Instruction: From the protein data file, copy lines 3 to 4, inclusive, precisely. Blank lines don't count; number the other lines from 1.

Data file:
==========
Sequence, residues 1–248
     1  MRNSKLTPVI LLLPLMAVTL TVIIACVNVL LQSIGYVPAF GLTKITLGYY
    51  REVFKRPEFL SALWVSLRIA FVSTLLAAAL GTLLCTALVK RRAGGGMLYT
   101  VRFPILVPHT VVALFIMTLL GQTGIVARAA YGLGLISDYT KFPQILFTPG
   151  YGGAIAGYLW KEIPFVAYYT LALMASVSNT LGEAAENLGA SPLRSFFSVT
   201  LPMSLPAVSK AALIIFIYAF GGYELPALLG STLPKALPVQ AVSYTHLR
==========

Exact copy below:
    51  REVFKRPEFL SALWVSLRIA FVSTLLAAAL GTLLCTALVK RRAGGGMLYT
   101  VRFPILVPHT VVALFIMTLL GQTGIVARAA YGLGLISDYT KFPQILFTPG